This program could involve the government providing a matched funding incentive over two years, where crowd funding initiatives raise 80 per cent of the funds needed for a project and the government contributes the remaining 20 per cent. The program aim is to encourage the small scale, artist–led projects, and therefore government contributions per project should be capped to reflect this.
Organisations such as Rio Tinto have recently recognised the capacity of new funding models, such as micro loans, to kick–start initiatives in Indigenous communities. In 2011–12 the Australian Government is piloting a micro–finance project, supporting small creative enterprises within the Australian music industry. The pilot will provide participants with new business development knowledge and skills, expert creative industry mentoring support and access to seed investment to grow their business. Government funding of up to $10,000 will be provided towards the business development plan on the basis of interest–free matched loans being provided by the private sector. This is an excellent example of how innovative models, using government funding, can encourage the growth of a private giving base for artists and arts organisations. Based on the success of the pilot, micro–financing could be applied more broadly across the arts sector.
Recommendation 9: The Australian Government provides funding to support a micro–loans scheme for the arts sector.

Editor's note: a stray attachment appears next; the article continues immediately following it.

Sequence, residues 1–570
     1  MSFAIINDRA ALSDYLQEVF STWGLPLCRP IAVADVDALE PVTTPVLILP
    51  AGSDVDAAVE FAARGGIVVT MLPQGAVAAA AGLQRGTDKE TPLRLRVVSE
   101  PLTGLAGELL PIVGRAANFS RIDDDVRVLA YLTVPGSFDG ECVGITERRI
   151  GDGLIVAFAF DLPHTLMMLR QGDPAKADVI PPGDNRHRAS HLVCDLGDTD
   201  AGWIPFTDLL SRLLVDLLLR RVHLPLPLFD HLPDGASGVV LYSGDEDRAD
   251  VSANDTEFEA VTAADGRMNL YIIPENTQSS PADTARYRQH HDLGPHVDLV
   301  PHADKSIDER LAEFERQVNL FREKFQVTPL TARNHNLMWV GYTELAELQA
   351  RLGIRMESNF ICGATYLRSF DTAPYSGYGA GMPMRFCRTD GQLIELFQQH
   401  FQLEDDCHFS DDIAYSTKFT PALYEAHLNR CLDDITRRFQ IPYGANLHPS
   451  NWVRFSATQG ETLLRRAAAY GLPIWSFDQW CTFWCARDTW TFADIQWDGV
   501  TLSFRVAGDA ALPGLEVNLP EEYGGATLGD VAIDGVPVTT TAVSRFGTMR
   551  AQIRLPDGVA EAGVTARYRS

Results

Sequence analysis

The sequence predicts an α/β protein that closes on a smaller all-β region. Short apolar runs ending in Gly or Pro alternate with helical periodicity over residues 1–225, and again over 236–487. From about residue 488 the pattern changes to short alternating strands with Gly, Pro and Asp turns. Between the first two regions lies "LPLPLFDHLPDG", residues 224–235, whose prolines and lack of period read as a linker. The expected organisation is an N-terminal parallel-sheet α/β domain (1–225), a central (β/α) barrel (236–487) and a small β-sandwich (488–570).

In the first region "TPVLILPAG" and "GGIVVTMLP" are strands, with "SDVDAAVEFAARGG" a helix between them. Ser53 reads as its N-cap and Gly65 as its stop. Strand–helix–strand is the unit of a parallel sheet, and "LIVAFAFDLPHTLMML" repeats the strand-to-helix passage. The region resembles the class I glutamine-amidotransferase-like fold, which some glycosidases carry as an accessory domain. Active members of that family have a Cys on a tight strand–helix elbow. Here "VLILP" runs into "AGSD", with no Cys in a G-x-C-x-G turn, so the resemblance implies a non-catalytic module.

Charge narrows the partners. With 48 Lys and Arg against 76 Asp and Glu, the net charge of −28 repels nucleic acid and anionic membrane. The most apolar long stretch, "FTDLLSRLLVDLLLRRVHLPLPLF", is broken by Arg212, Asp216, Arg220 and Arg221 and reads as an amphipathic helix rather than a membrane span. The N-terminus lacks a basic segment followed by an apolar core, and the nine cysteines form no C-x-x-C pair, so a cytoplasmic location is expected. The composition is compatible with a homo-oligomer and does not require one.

See Regulatory Options Table (right) in two sections covering funding schemes and content obligations, and content access regimes and promotion and provisioning, respectively.
Screen Australia, 2008, Flexible Vision v.2.0:A compendium of new and emerging audiovisual content delivery platforms and government intervention, 2nd edition.
Canada: The Canadian Radio-television and Telecommunications Commission (CRTC) was one of the first regulators in the world to clarify the position of broadband on the Internet. It announced its decision not to regulate the Internet in May 1999.
The CRTC applies the New Media Exemption Order to Internet and mobile telephony services offering content. This Order means that these services are not subject to licensing or other regulatory measures under the Broadcasting Act (Canada).
The CRTC considered the circumstances that led to the need for regulation of Canadian content in traditional broadcasting, as they do not currently exist in the Internet environment. It believed that market forces were providing a Canadian presence on the Internet that was also supported by a strong demand for Canadian new media content. If Canadian content on the Internet diminishes, is under threat, or disappears altogether, the CRTC maintains the power to intervene and regulate to support the production/creation of Canadian Internet content.
Under the Telecommunications Act, the CRTC has refrained from applying tariff filing and approval obligations to Internet Service Providers (ISPs) and mobile operators, while retaining other powers including the ability to prohibit “undue preference”. The CRTC has also exempted ISPs from the “common carrier” obligations of the Act with respect to content of a carrier's own Internet service. The CRTC is currently undertaking a comprehensive policy review of potential regulation of new audiovisual technologies called the New Media Project Initiative. This initiative seeks to investigate the social, economic, cultural and technological issues associated with New Media, and what actions, if any, the CRTC should take to ensure that New Media Broadcasting meets the objectives of the Broadcasting and Telecommunications Acts into the future.